During peacetime western democracies have generally stepped back from film production efforts and allowed Hollywood and other national cinemas to craft an obliging national narrative, which the studios were only too happy to do. In recent decades, as David Sirota’s history of 1980s US pop culture Back to Our Future documents, the Pentagon has taken a much more hands-on approach to “soft propaganda” efforts, actively providing military hardware to Hollywood films if the script meets the military’s approval – a far cry from the days when Francis Ford Coppola turned to Ferdinand Marcos to hire helicopters and other props for Apocalypse Now, something for which Coppola has always been given a surprisingly easy ride by western liberals.
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[From Up North]
It’s not a rare thing to be into back catalogue music. To bring it closer to the wider audience, however, is a noteworthy mission. As with every totalitarian regime, there’s mysticism in what went on behind the Iron Curtain. A music man in his own right, Misha Panfilov diffuses some of the misconceptions using a YouTube channel Funked Up East dedicated to the funky universe of sounds from the Soviet Union.
As a recovering vinyl junkie, he’s more selective than ever in what he buys and shares with his rapidly growing subscribers on Youtube. So when Misha isn’t working on the Estonian jazz-funk band Estrada Orchestra, or composing library music for a yet unreleased movie, he uses the time to dig around, rip and upload. In the following interview we touch on this positive addiction, on the legendary Russian record label Melodiya, the reissue culture and talk about life in the USSR in general.
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Slightly skewed coverage, but interesting.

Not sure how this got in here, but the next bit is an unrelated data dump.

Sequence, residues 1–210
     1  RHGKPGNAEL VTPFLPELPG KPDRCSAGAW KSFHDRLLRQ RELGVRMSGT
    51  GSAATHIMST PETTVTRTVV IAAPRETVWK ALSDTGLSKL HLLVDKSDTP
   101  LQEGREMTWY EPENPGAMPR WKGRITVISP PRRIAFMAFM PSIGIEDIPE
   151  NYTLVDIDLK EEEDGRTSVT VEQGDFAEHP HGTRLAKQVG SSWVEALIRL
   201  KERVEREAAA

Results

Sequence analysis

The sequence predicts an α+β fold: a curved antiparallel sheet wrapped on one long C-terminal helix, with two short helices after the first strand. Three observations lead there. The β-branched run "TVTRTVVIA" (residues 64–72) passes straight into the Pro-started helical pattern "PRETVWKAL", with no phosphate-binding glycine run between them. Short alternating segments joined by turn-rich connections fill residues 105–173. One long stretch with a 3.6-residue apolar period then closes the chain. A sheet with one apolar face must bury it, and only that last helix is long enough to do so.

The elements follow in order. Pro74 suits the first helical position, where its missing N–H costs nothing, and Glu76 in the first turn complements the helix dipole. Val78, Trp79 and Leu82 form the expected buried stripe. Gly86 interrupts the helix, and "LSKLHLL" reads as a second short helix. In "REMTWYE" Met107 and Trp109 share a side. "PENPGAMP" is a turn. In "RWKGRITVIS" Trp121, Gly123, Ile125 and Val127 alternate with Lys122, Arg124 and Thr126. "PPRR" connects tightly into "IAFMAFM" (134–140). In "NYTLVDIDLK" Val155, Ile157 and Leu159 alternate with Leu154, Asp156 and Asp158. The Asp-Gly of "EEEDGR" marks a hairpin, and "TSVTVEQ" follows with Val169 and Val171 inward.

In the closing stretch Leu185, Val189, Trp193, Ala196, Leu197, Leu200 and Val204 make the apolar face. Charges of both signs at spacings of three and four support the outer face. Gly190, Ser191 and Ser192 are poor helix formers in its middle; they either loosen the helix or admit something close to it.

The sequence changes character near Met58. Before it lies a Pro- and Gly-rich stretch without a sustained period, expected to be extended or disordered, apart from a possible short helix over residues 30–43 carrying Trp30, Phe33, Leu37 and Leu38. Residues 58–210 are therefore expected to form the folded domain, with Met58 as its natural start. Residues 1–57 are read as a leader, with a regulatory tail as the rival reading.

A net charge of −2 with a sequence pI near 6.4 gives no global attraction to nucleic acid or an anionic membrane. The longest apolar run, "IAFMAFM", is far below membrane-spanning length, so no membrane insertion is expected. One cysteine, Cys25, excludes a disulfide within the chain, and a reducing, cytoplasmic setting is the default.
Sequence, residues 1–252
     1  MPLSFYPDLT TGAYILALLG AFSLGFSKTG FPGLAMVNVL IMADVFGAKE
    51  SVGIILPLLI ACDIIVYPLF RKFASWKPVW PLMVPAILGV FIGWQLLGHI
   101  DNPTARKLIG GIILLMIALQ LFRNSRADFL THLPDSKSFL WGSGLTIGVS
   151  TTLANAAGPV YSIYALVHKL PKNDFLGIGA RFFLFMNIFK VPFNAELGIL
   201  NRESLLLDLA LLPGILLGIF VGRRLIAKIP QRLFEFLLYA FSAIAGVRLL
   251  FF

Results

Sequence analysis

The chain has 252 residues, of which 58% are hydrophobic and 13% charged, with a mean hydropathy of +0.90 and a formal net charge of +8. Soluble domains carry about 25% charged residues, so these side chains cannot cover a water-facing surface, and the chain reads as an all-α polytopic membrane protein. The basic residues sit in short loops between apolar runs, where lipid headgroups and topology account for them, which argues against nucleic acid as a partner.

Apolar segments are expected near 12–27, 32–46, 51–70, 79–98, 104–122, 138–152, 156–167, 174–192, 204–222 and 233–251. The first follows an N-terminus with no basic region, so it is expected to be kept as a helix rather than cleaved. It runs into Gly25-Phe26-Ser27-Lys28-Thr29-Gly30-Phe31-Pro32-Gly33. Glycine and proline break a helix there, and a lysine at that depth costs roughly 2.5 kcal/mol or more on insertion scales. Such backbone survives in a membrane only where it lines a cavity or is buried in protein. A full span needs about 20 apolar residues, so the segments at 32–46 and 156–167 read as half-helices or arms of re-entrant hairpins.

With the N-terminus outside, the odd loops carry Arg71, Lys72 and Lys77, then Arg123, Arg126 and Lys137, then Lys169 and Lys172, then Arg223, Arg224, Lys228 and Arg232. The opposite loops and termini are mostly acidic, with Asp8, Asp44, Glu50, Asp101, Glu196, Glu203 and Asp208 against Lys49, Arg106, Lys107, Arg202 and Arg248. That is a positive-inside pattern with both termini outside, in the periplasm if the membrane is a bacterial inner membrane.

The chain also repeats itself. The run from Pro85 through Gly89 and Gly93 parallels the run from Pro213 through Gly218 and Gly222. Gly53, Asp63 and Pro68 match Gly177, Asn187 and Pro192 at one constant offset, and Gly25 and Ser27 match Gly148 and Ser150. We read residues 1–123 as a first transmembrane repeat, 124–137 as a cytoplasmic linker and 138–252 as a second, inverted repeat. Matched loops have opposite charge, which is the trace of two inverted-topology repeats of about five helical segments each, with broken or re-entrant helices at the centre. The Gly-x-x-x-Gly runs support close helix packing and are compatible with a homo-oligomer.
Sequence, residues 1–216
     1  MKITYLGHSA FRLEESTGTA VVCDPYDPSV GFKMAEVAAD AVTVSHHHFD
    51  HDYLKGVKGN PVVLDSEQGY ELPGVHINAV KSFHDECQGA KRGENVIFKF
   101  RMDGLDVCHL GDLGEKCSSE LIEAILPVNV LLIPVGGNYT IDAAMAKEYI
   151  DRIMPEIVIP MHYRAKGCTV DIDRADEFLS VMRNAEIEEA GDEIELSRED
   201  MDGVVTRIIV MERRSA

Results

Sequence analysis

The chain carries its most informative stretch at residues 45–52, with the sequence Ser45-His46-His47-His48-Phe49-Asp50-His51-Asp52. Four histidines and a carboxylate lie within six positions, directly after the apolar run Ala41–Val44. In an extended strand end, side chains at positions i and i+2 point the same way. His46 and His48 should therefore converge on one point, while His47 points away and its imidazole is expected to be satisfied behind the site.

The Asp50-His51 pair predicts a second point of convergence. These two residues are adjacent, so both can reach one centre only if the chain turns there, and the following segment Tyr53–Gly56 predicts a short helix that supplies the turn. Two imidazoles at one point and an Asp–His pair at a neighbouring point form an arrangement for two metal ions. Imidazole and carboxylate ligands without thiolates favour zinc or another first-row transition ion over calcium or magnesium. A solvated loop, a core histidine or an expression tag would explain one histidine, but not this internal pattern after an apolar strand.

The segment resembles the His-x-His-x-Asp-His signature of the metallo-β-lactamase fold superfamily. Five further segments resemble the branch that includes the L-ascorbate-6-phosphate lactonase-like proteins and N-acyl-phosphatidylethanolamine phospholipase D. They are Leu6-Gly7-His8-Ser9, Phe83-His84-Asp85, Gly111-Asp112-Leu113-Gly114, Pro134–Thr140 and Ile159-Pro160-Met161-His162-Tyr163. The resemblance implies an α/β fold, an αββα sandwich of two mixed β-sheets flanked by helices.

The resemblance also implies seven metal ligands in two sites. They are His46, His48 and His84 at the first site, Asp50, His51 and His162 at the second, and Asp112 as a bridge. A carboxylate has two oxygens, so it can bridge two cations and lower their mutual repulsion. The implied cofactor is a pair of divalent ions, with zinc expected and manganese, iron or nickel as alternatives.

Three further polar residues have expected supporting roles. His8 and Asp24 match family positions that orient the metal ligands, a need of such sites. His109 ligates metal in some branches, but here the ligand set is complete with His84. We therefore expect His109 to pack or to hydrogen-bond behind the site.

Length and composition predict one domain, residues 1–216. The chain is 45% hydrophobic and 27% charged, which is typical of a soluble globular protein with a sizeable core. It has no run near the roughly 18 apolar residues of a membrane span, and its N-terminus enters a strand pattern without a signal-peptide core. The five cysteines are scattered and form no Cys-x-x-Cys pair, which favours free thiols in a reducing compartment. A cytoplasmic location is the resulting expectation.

[From BBC News Website]
On a small stage in a community hall, still grandly called a Palace of Culture, a powerfully built lady belts out an old Russian gypsy ballad.
Then a choir of podgy teenage girls troops out, all dressed in sky-blue party frocks, like something out of the 1950s.
The mostly elderly spectators, sitting in their raincoats on wooden chairs, listen attentively.
It is a fitting mid-afternoon concert to find in Oryol, a Russian provincial town which prides itself on its cultural heritage, and its links to an extraordinary number of Russian authors.
Ivan Turgenev, the 19th-Century Russian novelist of elegant love stories, came from here. So did Ivan Bunin, who won the Nobel Prize for Literature. So did the ingenious storyteller Nikolai Leskov, the poets Tyutchev and Fet, the short story writer Leonid Andreev…
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[From Radio Poland]
A councillor in Poland’s third-largest city has tabled a formal inquiry as to why the Łódź Philharmonics play music by Russian composers.
The head of the conservative Law and Justice (PiS) caucus in the city council, Piotr Adamczyk is in particular concerned about Dmitri Shostakovich and Sergey Prokofiev.
“Is it quite certain that the Łódź public want to listen to the music of one composer, namely D. Shostakovich and his peculiar pro-Soviet music (XII Symphony – for Lenin, New Babylon – soundtrack to the film about a female Paris Commune activist) or S. Prokofiev – “Aleksander Nevskiy”,” he asked.
The response was delivered by the head of the Łódź region administration, Witold Stępień of the governing Civic Platform (PO).